THE FIRST item of legislative business before the Senate when it resumes operations today will be the Alaskan lands bill. The debate is likely to be long, ferocious and misleading. Before it begins, it may be well to recognize that neither of the two competing versions of this legislation is as bad as its opponents advertise.
The Senate energy committee bill, which is being opposed by the Carter administration and environmental organizations, would not open up Alaska's vast spaces to total destruction by exploiters of natural resources. The amendments that will be proposed to this bill -- and that are being opposed by the energy committee and the state of Alaska -- would not destroy Alaska's economy and would not deprive the nation of vast oil supplies.
The lands bill -- in either form -- is not an energy bill, a gun control bill or a "get" Alaska bill, despite all that has been and will be said. It is a bill that will determine how much federal protection the known and unknown resources of that state receive. The energy committee bill tilts toward opening up for use now or in the near future certain areas that the amendments, as well as the legislation that passed the House last winter, would put into the federal deep freeze.
This difference in approach is illustrated by the way the two versions treat the Arctic Wildlife Range. The energy committee wants that range opened now to oil exploration while reserving to Congress the future decision on whether to extract any oil that might be found there. The amendments, and the House bill, would declare the range to be wilderness where such exploration would be barred.
The difference is critical. If the range is closed to exploration, oil will be sought elsewhere in Alaska. If it is found, pressure to open the range will ease. But if the range is opened now, the resources used in exploring it will not be used elsewhere and, if oil is found under it, the pressure to develop the range -- at the expense of its wildlife -- will be enormous. That leads us to support the conclusion of the Carter administration: put the range in wilderness and look elsewhere first.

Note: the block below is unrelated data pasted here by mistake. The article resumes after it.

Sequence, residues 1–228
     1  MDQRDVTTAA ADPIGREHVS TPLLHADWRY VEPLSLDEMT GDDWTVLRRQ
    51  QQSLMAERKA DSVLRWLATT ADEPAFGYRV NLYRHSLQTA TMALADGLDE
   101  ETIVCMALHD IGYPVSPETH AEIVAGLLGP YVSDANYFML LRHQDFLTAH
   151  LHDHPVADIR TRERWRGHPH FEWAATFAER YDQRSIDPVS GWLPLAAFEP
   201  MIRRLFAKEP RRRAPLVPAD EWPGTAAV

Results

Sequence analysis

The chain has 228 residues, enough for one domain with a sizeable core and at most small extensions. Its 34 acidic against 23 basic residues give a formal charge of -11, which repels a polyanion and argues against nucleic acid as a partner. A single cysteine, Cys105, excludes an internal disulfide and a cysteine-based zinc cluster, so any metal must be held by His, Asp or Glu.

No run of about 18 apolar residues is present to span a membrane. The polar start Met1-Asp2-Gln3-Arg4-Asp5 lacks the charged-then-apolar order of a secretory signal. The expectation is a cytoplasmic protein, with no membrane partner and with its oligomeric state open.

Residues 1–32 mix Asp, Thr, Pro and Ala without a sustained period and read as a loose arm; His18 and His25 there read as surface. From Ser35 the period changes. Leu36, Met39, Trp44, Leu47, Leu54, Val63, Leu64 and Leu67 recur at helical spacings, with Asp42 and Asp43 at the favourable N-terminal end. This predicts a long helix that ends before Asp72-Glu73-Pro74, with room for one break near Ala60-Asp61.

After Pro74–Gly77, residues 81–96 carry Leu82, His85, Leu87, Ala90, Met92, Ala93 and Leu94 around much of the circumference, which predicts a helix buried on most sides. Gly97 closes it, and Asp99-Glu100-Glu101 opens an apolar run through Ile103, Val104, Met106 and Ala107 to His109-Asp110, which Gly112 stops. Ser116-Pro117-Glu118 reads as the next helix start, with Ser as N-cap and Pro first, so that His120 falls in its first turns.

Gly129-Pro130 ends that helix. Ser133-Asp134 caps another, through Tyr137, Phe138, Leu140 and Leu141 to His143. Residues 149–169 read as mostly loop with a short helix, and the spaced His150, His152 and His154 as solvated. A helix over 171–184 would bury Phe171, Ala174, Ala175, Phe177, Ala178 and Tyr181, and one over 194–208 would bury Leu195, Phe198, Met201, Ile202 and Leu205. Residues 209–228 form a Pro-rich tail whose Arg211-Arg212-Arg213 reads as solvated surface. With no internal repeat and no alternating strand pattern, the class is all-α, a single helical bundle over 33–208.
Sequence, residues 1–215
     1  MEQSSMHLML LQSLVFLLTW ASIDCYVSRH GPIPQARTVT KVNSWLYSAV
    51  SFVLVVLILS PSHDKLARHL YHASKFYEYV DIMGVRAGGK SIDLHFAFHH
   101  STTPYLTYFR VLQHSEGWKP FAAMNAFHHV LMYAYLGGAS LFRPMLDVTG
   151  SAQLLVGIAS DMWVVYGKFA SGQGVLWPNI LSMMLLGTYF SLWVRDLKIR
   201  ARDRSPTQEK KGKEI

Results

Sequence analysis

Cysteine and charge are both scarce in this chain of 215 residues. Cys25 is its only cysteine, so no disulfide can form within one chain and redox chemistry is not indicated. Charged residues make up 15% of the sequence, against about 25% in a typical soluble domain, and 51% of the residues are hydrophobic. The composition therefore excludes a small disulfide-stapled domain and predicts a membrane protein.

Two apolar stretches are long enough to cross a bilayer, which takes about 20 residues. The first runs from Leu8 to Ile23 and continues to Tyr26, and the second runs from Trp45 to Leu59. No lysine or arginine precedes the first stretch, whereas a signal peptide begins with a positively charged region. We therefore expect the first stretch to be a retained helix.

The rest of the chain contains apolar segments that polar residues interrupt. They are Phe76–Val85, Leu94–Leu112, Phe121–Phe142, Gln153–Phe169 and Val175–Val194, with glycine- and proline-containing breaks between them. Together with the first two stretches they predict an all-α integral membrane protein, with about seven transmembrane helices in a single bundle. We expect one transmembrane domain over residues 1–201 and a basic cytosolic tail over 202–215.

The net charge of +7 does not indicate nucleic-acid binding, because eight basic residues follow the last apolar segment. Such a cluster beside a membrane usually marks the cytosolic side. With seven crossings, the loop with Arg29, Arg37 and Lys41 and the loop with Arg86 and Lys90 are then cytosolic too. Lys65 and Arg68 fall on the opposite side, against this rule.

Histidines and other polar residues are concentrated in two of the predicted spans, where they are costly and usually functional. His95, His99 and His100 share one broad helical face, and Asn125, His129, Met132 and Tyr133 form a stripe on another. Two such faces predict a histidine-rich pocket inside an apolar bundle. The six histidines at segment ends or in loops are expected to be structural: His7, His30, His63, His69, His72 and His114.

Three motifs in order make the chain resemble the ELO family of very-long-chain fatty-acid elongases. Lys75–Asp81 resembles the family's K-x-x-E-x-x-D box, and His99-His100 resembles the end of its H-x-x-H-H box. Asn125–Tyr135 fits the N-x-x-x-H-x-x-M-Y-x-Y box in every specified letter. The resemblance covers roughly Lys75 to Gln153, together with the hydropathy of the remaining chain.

The Alaskan state government fears that putting a wilderness stamp on this range (and other areas) will close them forever to development. That is a legitimate fear because Congress has no record of releasing lands once they are designated as wildernesses or national parks. But the wilderness designation should not be regarded as totally irreversible. Its purpose is to preserve for the future as much unspoiled acreage as the nation can now afford. What the policy-makers of the future do with it is their business. Surely future members of Congress will not believe themselves unable to open the range (or other areas, such as the forests of southeast Alaska) if the time comes when the resources they contain are needed desperately.
This approach -- save what you can for the future -- is the one that should guide the Senate's work on this legislation. That is particularly true because knowledge of Alaska's resources is still skimpy.The wildlife range may rest on a vast pool of oil, although the odds are against it. There may or may not be vast pools elsewhere. In this situation, the wise policy is to preserve the best of Alaska until -- at least -- the rest of it has been fully developed. The five key amendments to the energy committee bill do just that.